Craig's ultimate excuse for natural evil comes down to this (emphasis mine):
Beyond that, the theist will argue, as you note, that God has morally sufficient reasons for permitting the natural evils that occur, so that He cannot be held to have acted wrongly in permitting such disasters to happen.
There you have it folks. God has morally sufficient reasons for causing the natural evils that occur, we are unfortunately just stuck not knowing what those reasons are, but rest assured, they exist, says the theist. In other words, I should just abandoned all of my reasons for thinking why natural evil puts a fatal blow to the existence of an all-loving god, and just rest assured on the faith that god has morally sufficient reasons. Hmmm. Not gonna happen. As Sean Carroll has mentioned about his debates with theists, the theist can always say when faced with undesirable evidence that that was just the way god decided to do it. So the meteor that wiped out the dinosaurs and about 80 percent of all the other species, well, that was just the way god wanted to do it. He had his reasons. Trust us.
Craig finishes up saying:
God can be justified in permitting bad states of affairs. For example, I think it is very plausible that only in a world which is suffused with natural evil would great numbers of people freely come to know God and find eternal life. In a world utterly devoid of natural evil we should likely be spoiled and pampered children, oblivious to God, not mature moral agents--an emphasis that meshes nicely with your own soul-making theodicy. Therefore, it is not wrong of God to permit natural disasters, any more than it is wrong of me to allow my child to go to the dentist.
In other words, it seems that Craig leans towards the soul making theodicy as his preferred way of explaining natural evil. I just recently wrote a post addressing all the common theodicies so I'm familiar with most of their flaws. I have a few objections to his response.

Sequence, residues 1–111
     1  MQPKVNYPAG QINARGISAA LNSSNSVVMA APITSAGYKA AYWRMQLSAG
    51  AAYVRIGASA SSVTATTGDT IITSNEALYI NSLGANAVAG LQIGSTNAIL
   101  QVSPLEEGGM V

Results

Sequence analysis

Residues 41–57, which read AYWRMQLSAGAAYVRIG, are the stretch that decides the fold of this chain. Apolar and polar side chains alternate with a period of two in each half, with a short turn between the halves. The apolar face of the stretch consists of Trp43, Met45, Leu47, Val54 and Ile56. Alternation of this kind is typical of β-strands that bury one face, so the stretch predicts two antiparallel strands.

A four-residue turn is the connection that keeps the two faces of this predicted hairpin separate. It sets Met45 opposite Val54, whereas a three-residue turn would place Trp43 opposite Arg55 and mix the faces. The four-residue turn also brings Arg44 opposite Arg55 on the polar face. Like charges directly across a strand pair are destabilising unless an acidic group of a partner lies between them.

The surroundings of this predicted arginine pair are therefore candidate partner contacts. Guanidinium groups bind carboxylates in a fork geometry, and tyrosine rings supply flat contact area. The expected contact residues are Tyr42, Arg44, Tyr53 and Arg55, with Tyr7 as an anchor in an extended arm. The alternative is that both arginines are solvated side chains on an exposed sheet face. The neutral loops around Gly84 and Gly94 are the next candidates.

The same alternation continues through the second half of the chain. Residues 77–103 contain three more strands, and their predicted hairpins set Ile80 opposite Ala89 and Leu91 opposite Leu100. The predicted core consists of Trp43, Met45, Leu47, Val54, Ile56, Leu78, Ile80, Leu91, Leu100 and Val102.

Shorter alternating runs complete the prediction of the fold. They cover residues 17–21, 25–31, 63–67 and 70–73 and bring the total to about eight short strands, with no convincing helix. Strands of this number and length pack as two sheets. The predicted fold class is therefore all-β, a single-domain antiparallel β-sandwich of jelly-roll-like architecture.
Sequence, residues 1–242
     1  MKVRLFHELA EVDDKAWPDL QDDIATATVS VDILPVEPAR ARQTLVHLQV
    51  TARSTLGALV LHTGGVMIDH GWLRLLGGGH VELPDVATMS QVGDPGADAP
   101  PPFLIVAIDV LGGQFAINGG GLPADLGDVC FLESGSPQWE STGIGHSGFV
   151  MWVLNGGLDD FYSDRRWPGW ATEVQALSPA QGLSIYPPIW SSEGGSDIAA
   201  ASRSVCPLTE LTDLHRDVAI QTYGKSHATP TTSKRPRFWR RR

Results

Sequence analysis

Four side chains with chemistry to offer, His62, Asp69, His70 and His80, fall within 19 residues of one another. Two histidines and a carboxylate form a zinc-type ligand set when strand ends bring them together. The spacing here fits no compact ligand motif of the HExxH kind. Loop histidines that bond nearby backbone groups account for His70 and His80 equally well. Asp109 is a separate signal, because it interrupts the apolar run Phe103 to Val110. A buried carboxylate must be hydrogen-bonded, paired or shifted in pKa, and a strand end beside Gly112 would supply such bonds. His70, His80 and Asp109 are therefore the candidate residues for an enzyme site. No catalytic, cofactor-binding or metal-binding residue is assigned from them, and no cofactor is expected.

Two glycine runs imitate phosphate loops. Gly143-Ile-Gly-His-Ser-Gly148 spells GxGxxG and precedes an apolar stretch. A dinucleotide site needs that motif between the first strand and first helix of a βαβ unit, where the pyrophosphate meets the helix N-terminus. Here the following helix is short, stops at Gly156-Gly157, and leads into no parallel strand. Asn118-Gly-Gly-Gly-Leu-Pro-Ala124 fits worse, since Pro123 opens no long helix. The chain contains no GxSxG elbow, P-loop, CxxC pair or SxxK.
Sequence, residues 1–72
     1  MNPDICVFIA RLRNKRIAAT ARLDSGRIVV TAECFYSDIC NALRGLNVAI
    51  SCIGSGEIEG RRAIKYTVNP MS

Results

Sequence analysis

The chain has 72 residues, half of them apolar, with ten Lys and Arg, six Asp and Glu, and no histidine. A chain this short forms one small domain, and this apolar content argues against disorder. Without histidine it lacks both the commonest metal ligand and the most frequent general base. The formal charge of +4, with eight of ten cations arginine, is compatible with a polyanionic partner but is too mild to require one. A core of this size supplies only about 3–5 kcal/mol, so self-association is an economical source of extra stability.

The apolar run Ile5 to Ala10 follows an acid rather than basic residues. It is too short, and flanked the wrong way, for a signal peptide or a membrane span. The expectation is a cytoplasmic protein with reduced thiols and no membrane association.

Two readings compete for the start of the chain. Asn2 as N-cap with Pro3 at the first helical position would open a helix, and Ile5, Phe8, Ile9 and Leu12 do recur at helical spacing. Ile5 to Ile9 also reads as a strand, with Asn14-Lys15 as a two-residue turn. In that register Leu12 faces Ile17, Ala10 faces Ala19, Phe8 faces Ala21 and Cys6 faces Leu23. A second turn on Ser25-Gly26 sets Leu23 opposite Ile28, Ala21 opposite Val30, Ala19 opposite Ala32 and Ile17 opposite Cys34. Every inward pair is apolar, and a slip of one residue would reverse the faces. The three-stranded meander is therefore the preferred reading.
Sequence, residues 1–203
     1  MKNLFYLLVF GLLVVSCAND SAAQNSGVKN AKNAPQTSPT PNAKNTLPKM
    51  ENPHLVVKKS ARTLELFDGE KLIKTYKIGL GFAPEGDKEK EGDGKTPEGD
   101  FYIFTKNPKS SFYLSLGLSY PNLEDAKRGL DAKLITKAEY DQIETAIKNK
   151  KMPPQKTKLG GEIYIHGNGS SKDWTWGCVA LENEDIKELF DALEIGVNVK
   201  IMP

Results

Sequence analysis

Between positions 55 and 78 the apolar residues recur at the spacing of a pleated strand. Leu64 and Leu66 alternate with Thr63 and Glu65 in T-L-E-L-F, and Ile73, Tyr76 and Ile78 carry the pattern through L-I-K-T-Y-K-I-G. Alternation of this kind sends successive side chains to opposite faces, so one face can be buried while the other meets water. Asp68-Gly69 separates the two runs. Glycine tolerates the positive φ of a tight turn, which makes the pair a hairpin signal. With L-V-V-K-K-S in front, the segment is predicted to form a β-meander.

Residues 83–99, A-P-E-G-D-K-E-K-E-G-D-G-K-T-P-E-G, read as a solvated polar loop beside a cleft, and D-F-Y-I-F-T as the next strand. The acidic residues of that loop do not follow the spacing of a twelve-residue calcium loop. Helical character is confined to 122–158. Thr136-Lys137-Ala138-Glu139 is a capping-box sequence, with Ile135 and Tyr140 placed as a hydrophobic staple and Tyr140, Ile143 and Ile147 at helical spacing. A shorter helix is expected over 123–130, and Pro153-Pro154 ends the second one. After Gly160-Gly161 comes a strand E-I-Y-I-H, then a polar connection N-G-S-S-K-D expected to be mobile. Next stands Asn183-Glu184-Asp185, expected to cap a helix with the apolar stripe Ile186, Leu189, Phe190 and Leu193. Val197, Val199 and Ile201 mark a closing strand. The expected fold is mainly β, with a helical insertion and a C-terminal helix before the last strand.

- First, this soul making theodicy does not at all address the problem of natural evil that faced non-humans for millions of years. None of that would benefit human soul making at all.
- Second, as I wrote in my post, evolution requires death and suffering. There can be no evolutionary process without it. So this soul making theodicy fails to make that logically necessary since any all-powerful god wouldn't be constrained by evolution. Any "morally sufficient reasons" god may have had, that we will apparently only ever find out when we die, must not have been necessary but contingent.
- Third, the effect that natural disasters have on people's religious beliefs seems to be in solidifying the faith that they already had. In other words, Muslims who experience natural disasters become more Muslim, and Hindus become more Hindu. There is no evidence that I am aware of that shows only, or mostly Christianity grows as a result of natural disasters. Sure when Christians experience a natural disaster, it can help strengthen their existing faith, but what we do also see are large numbers of theists leaving theism and their religion altogether, as the result of natural evil, especially in the West (which is largely Christian) because (in part) of the advance of science's explanatory power.
- Fourth, Craig's response that "we should likely be spoiled and pampered children, oblivious to God, not mature moral agents" could be refuted if god actually gave us evidence he existed, as he supposedly will do in heaven, where apparently things will be perfect and we won't be "spoiled and pampered children".
- Fifth, Craig's last line is a false analogy. We are all constrained by the laws of physics and as people, god isn't. If my points above are correct, there is no necessary reason why god had to design a world with natural evil, especially when it did not benefit the vast majority of conscious beings affected by it, and it seems to serve as a way to move people away from theism.